Nature Preschool immerses children in the outdoors every day, while giving them the social and emotional skills and academic knowledge they’ll need in the years ahead. Take a peek inside our preschool and kindergarten classrooms, meet the teachers, and learn about the curriculum, philosophy, and values that guide this unique program. Children welcome.
By Alyssa Maley, Lead Preschool Teacher
Children Need Nature is a monthly blog column from our Nature Preschool program. Read more posts here.
I remember the moment during my childhood when I developed a bond with my favorite climbing tree on my front lawn—a Japanese maple. This tree was particularly challenging because it did not have lower branches. I had to jump up, grab a branch, and then swing my legs up moving my body like a monkey. Then I used my upper body strength to pull myself to begin the vertical climb. I have so many fond memories of tree climbing—I spoke to fairies, peeked into the second story of my house, and observed my world from a higher perspective. I had no adult assistance or supervision; it was just me and my tree. I learned how to listen to the branches—to assess the broken ones, and pick the safe, sturdy ones. I halted my climb when the branches moved quickly in the wind because I was able to assess the risk. I became a successful climber through practice, patience, and perseverance.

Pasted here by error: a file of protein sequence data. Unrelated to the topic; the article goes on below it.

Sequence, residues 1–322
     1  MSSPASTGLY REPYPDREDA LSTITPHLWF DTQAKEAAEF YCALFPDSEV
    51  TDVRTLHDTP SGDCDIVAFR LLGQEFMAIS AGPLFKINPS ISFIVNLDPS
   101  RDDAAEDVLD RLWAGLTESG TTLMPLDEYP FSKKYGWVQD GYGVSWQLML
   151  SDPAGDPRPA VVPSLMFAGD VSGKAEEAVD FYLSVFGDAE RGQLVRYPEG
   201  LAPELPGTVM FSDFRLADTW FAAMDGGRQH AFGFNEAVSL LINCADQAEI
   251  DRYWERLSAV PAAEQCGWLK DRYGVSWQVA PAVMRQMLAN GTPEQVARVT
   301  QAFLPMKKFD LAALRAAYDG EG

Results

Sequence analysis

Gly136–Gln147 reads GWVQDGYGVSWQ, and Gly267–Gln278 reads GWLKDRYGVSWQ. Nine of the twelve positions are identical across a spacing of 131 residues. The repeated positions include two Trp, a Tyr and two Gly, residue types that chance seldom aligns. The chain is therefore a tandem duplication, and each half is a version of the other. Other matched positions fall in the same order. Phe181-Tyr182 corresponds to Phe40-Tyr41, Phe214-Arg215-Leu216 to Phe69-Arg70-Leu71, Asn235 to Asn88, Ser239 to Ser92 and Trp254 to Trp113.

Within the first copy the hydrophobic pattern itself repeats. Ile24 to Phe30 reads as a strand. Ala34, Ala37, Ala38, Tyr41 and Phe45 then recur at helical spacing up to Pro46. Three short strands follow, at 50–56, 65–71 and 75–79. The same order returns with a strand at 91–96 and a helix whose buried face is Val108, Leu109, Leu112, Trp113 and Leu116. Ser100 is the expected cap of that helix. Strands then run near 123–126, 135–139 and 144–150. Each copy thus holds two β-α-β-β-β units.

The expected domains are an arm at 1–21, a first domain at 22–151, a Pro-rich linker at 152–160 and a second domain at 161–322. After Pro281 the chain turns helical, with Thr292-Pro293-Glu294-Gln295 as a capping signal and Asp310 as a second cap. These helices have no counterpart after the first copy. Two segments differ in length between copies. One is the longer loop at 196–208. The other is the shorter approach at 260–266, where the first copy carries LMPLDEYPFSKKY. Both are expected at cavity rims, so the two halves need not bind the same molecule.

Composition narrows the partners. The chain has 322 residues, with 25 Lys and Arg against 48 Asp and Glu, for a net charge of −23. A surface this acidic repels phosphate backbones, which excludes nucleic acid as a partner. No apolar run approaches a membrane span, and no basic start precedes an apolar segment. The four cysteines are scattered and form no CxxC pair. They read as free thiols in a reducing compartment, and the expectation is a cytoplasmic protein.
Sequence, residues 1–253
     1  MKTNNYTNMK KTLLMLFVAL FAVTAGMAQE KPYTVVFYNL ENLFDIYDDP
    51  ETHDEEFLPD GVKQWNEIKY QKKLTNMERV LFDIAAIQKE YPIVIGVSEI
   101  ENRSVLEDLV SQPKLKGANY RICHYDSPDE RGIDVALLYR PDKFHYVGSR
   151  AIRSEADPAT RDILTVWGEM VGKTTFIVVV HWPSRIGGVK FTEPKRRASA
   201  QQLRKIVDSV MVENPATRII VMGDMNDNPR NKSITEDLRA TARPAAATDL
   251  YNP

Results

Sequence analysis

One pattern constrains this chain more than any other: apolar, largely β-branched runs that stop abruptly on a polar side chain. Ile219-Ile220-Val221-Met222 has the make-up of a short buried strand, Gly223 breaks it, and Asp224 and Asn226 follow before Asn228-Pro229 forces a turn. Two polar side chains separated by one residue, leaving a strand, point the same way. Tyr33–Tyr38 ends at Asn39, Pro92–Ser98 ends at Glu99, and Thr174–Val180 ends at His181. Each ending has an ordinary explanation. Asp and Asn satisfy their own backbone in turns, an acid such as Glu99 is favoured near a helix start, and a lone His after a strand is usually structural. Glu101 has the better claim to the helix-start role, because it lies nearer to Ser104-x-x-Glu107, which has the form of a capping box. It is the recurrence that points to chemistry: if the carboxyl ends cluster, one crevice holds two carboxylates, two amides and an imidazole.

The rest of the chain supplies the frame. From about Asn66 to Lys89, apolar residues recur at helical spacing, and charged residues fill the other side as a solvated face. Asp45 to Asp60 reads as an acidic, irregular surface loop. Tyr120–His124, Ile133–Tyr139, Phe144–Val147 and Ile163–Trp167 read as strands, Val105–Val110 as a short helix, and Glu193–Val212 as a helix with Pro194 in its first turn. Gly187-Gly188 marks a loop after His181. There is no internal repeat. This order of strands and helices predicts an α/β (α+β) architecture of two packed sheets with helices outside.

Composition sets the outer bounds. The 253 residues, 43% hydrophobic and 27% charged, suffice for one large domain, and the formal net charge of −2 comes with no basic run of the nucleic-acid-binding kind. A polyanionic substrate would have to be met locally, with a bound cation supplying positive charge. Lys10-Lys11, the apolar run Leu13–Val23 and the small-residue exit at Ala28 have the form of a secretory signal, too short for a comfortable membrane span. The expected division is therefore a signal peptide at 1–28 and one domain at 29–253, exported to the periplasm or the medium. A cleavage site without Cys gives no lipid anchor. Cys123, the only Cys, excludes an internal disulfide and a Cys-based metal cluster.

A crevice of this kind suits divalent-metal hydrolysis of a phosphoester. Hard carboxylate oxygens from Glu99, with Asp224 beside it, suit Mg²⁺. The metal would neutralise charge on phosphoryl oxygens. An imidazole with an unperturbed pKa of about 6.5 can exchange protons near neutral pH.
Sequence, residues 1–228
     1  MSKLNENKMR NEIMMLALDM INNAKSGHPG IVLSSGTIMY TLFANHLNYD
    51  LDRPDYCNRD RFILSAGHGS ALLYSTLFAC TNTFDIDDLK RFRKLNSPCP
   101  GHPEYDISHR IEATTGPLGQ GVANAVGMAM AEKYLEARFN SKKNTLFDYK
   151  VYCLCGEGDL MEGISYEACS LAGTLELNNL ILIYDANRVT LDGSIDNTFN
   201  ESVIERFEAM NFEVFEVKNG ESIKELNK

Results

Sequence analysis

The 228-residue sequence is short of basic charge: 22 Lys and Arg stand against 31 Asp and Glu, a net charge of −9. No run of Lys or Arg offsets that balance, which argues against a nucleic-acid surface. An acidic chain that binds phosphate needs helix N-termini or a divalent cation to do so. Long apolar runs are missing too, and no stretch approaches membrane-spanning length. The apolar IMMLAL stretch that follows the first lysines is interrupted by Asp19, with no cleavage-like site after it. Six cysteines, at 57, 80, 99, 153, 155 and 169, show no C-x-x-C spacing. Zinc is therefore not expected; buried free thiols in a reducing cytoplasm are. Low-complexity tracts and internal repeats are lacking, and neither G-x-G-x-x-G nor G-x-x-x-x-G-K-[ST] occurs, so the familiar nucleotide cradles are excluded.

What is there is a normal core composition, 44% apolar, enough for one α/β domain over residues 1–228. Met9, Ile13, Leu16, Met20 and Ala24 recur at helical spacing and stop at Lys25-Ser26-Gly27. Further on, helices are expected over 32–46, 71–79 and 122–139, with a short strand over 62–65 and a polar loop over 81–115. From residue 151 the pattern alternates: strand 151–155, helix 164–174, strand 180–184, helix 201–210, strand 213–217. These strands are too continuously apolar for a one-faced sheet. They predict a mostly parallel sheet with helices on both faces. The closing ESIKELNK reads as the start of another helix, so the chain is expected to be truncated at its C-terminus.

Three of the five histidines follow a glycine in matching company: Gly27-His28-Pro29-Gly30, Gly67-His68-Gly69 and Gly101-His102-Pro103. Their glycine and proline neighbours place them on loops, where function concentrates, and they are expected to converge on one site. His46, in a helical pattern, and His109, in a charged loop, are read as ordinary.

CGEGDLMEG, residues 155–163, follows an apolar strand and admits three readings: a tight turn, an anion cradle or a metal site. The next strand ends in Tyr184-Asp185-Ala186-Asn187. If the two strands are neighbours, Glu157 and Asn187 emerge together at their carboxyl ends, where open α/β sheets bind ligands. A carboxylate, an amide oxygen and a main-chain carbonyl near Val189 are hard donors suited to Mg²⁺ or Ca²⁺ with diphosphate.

At Nature Preschool, our children are immersed in outdoor experiences daily, connecting them to their surroundings and the Schuylkill Center in a meaningful way. At events like Naturepalooza, the children show their expanding knowledge and the bonds created through open-ended exploration. Learning through play and touching, feeling, smelling, tasting, and hearing is what these children do best and it brings joy and happiness in many ways. Just look at the smiles! Below, some highlights from Earth Day and Naturepalooza with our preschool.
Crack, splash, plop, and snap – followed by sounds of children laughing as they explore the melting ice at Polliwog Pond. “Look at this piece, I can see through it!” Next up, “I’m selling ice. Who wants a piece?” as an ice display is quickly assembled. A group of nearby preschoolers responds, “I do. I do.” Then, the adventures begin as the children carefully select the perfectly shaped piece of ice for their next escapade. A natural material provides inspiration and imagination amongst the children. Continue reading